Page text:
Phillipston Planning Board to seek answer to agricultural use question  

  • Chris Pirner, center, speaks with Phillipston’s Planning Board about his hopes of establishing a woodyard on Royalston Road, on the former site of White’s Junkyard. From left, backs to camera, Planning Board members Gordon Robertson and Vern Lussier, Chair Bernie Malouin, and member John Telepciak. Greg Vine

For the Athol Daily News
Published: 11/5/2019 9:50:22 PM

PHILLIPSTON – Chris Pirner of Pirner Logging and Land Clearing of Hubbardston told members of the Planning Board Monday night that he was interested in purchasing property on Royalston Road once occupied by what is known as White’s Junkyard. He told the board, however, that he’s moving cautiously until several questions can be answered.

“It’s been out of business for many years now,” said Pirner. “There’s nothing in there. They’ve cleaned the whole site up, and I have been in contact with the landowner. What I’m looking to do is put a woodyard there.”

“It’s flat,” he continued. “It’s sandy. It would be a good place for me to set up, but I spoke to the building inspector and haven’t gotten a definitive answer. It’s zoned Residential/Agricultural. I don’t think this is something to go to the Zoning Board for, for a variance, because generally a variance has to do with a hardship. There’s not a hardship here; I’m looking for a clarification.”

Pirner noted that there are two buildings on the property, adding it’s his intention to set up a woodyard on the site where he can store firewood and wood chips for facilities that use biomass, park his forestry equipment, and build a garage.

He also said the property will “need a 21E done it.” Chapter 21E of the General Laws of Massachusetts requires that land that may contain oil or hazardous materials be tested for such contaminants. If they are found to present, the property, depending on the extent of the contamination, may require the mitigation of the pollutants in the soil.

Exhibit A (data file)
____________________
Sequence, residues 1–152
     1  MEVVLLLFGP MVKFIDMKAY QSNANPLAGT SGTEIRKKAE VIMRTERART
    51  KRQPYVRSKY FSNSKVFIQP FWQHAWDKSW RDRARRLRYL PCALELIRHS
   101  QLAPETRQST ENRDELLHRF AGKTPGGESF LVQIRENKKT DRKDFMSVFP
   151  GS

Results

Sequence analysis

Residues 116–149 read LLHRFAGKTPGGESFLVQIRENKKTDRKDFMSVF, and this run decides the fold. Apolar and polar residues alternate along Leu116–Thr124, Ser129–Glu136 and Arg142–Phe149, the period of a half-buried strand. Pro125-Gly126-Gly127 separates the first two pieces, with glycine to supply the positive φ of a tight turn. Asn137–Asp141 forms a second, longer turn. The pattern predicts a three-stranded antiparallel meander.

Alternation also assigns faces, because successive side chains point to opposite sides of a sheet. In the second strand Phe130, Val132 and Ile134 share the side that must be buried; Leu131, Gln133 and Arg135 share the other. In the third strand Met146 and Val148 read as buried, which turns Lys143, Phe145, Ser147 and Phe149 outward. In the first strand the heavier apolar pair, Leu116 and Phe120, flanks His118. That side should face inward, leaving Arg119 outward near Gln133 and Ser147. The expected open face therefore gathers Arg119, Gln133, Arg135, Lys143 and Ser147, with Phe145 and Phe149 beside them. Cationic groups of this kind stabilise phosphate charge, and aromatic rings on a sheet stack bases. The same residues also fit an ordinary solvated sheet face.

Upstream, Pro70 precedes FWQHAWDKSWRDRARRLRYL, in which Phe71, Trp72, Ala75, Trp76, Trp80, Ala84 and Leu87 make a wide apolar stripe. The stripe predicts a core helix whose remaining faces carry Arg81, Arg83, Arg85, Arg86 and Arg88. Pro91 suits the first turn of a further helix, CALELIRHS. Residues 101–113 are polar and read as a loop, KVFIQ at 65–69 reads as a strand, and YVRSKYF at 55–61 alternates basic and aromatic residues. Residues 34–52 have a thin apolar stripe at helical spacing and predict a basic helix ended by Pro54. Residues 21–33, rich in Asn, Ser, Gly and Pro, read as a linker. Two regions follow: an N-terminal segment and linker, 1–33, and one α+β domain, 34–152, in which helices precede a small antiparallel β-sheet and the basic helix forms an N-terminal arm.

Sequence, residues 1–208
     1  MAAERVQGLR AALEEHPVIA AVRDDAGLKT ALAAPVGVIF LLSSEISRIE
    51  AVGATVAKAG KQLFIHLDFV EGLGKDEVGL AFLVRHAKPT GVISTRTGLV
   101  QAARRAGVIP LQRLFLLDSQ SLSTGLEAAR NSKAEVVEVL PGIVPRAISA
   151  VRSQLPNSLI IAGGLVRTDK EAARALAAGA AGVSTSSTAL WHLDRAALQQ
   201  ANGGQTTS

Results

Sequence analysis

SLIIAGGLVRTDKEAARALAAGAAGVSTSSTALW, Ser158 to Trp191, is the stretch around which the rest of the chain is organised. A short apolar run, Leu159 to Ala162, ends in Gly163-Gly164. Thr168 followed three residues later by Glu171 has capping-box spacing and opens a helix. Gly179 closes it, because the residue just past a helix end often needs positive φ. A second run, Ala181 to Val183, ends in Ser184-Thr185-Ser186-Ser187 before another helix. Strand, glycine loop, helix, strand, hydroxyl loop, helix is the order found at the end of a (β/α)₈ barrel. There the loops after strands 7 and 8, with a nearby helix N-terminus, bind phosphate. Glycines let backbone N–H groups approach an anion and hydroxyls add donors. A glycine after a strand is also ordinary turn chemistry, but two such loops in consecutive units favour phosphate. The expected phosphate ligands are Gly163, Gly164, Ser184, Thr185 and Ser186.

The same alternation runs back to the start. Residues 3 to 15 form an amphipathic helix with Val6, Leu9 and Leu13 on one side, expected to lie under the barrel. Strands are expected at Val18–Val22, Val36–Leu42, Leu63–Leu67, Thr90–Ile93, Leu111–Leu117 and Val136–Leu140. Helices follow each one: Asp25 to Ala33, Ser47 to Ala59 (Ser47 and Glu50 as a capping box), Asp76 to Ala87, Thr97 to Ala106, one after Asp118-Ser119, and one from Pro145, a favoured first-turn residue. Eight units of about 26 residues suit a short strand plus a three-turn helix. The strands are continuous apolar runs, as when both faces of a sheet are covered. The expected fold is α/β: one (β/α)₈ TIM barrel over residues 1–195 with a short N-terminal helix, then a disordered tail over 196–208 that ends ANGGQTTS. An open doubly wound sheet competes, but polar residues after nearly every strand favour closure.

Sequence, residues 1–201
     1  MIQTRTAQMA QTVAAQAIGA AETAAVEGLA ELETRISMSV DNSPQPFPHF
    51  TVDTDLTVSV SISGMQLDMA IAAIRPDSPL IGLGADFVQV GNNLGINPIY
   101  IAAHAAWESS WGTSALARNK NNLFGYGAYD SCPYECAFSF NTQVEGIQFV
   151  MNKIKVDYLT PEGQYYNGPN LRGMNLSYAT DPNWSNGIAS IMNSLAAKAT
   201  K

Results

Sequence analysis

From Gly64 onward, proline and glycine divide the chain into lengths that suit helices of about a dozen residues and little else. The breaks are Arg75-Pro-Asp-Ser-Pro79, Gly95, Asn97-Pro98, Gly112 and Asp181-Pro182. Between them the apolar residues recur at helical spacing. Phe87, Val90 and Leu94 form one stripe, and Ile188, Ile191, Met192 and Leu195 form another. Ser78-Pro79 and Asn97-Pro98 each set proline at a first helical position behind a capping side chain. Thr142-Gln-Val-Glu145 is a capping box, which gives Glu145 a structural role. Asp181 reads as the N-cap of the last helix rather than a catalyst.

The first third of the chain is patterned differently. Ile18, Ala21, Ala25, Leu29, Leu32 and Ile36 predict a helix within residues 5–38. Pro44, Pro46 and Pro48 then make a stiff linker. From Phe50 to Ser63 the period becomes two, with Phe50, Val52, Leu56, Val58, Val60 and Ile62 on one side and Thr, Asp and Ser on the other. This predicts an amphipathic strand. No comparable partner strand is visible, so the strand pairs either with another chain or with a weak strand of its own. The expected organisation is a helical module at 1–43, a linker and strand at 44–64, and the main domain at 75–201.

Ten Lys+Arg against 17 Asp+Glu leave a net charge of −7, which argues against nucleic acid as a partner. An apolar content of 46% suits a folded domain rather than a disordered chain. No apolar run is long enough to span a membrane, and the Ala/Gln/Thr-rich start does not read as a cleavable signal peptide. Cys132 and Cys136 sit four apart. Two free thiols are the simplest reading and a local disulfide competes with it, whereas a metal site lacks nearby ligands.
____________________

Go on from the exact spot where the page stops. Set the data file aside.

“I want to make sure it’s clean,” said Pirner, “because I don’t want to go further with this and not have a good exit strategy if something were to go wrong. I’m not going to assume any liability here.”

“I’ve always thought that logging falls under the heading of agriculture,” he continued. “It’s kind of a gray area. So, I’m not sure what the answer is. I don’t want to go ahead with anything without knowing it’s okay to locate there. I’m not sticking my neck out there.”

Pirner said 18 of the parcel’s 26 acres would be usable.

The main question for Pirner is whether the storage of logs, firewood, and woodchips for biomass would be considered an agricultural use. He said he spoke with Building Inspector Bob Legare about the allowability of such a venture but had yet to hear back.

Board Chair Bernie Malouin said the town’s zoning bylaws use the definition of agriculture set down in Mass. General Law, Chapter 120A, Section 1A. After reading the law, board members seemed to question whether all of the wood stored on site would have to come from that property, as Legare reportedly indicated to Pirner.

“I find that hard to believe,” said Pirner, “because none of the farmers I know farm just their own land. They farm other people’s land. They hay it, or grow crops on it.”

Malouin said the board would check with Town Counsel to get a clarification on the definition and agricultural use. Pirner was invited back to speak with the board at its first meeting in December.


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